The best recent work on this subject comes from a remarkable pair of scholars, Daron Acemoglu and James A. Robinson. In their latest book, “The Narrow Corridor,” they have answered this question with great insight. In every society, they note, the first step is simply achieving some measure of order and stability. History is littered with places where gangs, warlords and tribes rule and the state is never able to effectively consolidate power and govern. That was Afghanistan’s past and might be its future.
If political order is rare, liberal political order is rarer still. Liberal democracy is the Goldilocks form of government. It needs a state that is strong enough to govern effectively but not so strong that it crushes the liberties and rights of its people. The authors call this “the shackled Leviathan.” (Thomas Hobbes used the biblical monster Leviathan to describe a powerful state.) Getting to liberal democracy requires that societies travel through a “narrow corridor,” one that allows the state to build power while allowing for the growth of a civil society that asserts itself and fights for rights. Together, they create the delicate balance between stability and freedom. Countries in the West have succeeded because they have managed to build up both strong states and strong societies.
In Afghanistan, despite two decades of efforts, the state has failed to gain control over much of the country, creating what the authors call the “absent Leviathan.” In Egypt, the state is too strong. After a brief flirtation with democracy after the Arab Spring, the country reverted to dictatorship. Other parts of the world have “paper Leviathans” — governments that exercise power mostly to enrich a small elite at the top. Think of Nigeria or Venezuela.
How did the West get Goldilocks politics? The authors cite two opposing forces. First, there was the legacy of the Roman Empire, which provided institutions, laws and traditions that made it possible to create order. Second, the northern European tribes, rooted in egalitarian assemblies, had a tradition of challenging powerful leaders. The contest between nobles and kings — and later, I would add, between church and state, and among the hundreds of states, duchies and principalities of medieval Europe — all helped individual liberty grow and flourish.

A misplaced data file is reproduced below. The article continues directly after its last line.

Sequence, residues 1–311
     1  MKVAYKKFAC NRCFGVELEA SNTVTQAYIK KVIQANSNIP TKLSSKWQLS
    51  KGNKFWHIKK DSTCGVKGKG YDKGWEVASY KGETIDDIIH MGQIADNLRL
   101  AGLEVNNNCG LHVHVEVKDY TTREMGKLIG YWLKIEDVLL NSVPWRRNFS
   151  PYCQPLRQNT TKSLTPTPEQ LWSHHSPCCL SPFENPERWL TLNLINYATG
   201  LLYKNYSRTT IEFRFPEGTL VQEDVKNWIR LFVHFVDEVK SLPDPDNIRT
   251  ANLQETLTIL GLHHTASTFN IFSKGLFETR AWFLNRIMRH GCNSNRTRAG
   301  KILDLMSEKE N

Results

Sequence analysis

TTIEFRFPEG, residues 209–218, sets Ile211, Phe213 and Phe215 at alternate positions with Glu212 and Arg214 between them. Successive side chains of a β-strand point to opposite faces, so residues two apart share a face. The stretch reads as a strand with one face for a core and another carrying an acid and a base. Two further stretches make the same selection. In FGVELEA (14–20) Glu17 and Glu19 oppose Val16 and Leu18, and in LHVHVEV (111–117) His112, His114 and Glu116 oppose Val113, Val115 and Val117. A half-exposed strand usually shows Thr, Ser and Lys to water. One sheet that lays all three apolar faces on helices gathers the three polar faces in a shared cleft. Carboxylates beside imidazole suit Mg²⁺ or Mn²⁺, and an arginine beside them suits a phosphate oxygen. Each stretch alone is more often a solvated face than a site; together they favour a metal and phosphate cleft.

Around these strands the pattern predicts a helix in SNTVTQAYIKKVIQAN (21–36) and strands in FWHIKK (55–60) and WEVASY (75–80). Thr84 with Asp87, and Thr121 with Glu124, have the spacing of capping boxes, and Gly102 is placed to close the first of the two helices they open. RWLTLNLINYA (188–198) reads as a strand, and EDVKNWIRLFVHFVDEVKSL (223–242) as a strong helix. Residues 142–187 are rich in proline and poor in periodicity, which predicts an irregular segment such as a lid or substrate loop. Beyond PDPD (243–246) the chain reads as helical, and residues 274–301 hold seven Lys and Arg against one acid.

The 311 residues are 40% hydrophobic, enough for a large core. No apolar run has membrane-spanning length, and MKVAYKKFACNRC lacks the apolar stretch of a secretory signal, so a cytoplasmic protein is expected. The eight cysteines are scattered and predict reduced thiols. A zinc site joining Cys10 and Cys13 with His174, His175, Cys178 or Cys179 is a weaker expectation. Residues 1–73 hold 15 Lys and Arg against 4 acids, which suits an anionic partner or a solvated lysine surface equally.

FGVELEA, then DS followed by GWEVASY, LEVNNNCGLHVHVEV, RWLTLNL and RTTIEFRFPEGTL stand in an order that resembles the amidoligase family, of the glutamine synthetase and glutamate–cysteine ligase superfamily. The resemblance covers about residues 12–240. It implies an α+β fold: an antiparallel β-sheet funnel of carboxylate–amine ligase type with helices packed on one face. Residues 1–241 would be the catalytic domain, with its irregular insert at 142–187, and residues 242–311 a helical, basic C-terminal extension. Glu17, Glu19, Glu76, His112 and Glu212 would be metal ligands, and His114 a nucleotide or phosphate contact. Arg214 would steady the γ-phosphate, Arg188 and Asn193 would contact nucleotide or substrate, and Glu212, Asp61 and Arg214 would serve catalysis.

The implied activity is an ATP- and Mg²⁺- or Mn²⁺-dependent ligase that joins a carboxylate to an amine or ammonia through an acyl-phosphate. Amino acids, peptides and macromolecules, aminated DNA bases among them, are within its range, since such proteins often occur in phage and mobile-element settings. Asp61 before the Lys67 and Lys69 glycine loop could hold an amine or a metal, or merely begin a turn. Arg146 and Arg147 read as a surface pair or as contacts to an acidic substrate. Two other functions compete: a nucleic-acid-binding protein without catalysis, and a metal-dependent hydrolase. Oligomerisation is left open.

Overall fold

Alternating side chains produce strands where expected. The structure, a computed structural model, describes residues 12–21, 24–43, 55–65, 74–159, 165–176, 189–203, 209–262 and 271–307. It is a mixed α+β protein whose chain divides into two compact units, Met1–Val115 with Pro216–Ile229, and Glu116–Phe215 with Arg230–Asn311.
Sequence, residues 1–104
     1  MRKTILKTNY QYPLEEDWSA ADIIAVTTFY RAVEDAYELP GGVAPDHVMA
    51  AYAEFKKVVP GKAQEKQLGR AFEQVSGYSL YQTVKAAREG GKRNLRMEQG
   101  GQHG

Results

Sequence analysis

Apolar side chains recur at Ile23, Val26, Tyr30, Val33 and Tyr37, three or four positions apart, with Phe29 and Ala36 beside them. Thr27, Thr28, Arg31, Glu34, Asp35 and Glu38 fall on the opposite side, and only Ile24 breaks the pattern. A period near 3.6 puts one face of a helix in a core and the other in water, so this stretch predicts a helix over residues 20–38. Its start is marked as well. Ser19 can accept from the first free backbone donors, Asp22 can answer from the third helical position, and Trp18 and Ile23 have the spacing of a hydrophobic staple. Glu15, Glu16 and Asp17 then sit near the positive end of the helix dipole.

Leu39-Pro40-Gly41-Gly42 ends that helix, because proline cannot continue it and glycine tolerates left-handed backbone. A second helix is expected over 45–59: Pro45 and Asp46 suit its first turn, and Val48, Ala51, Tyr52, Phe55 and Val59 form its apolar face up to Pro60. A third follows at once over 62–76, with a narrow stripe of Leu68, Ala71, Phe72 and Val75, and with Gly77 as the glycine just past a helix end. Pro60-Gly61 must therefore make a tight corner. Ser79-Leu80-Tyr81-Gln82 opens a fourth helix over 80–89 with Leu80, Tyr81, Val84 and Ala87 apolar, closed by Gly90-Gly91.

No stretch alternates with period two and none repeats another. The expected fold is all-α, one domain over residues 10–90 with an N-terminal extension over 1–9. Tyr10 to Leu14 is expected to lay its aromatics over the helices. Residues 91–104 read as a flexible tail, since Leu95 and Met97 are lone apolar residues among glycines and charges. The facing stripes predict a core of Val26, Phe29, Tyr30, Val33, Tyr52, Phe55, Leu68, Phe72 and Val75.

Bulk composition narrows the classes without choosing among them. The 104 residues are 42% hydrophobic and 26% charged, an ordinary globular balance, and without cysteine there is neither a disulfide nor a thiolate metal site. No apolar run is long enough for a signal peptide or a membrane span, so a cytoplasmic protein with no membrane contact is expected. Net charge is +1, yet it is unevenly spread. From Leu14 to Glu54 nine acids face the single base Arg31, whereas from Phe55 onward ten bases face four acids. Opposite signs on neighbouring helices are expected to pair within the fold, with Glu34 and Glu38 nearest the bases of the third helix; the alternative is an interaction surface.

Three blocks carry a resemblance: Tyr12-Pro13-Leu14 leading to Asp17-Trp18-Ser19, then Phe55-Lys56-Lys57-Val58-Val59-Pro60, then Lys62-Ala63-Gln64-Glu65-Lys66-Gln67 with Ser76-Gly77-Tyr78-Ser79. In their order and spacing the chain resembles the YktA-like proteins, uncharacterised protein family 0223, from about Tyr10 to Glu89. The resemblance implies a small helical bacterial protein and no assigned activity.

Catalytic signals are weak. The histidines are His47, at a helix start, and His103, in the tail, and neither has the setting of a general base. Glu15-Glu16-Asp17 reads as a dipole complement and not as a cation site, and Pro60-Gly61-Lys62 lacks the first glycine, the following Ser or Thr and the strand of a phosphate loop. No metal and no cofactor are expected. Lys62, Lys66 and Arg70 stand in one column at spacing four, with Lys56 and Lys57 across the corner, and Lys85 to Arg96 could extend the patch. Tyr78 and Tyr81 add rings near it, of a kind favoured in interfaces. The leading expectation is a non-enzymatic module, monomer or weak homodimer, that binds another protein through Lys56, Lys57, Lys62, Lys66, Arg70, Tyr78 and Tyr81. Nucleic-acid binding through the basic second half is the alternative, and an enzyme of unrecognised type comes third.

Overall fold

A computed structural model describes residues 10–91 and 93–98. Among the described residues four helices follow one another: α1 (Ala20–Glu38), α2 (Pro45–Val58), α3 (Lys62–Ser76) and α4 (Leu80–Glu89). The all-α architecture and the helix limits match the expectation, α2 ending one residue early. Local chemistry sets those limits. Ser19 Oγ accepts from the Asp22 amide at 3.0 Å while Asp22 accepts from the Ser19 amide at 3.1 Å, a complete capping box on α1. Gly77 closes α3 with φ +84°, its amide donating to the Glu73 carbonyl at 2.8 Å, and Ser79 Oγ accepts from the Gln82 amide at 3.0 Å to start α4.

It is not a matter of the West’s cultural superiority but rather its unusual history. Countries in other parts of the world have been able to strike a similar balance — India, South Korea, Costa Rica. But the corridor is narrow, and understanding that helps us to recognize the fragility of liberal democracy. That is why, in the late 1990s, while we were cheering as countries across the globe were holding elections, I identified the phenomenon of “illiberal democracy,” places where elected leaders were systematically abusing power, depriving people of their rights and hollowing out the essence of liberal, constitutional government. Since then, unfortunately, that list has gotten much longer, including Western countries such as Hungary, established democracies such as India, and some, such as Russia, that have simply morphed into dictatorships.
Countries — including the United States — that have traveled the narrow corridor and have struck the right balance between state and society are lucky. But we are in an era of democratic dysfunction, as populist movements threaten the political institutions and norms that have long been seen as neutral. We see this most dangerously in the Republican Party’s effort to politicize the counting of votes in the various states it controls.
The United States remains a liberal democracy, but this week’s hearing on the Jan. 6 insurrection at the Capitol highlighted the fragility of democratic norms even here. Our political institutions are stronger than most, but they are being strained by a society that is deeply divided — so much so that even the basic facts of what happened on Jan. 6 are being vigorously contested.
The rioters, egged on by unscrupulous politicians, showed how much damage a group of private citizens could do. But the rest of us can repair the damage by pushing for stronger democratic guardrails and resisting efforts to subvert the will of the people.
By now you’ve probably heard the story that, in 1787, someone supposedly asked Benjamin Franklin what kind of government the Constitutional Convention had decided on. “A republic,” he answered, “if you can keep it.” The delegates could have designed the best system in the world, but its success ultimately rested with the people.
That sounds like an ominous warning, but we might also take comfort — the power to preserve democracy is in our hands.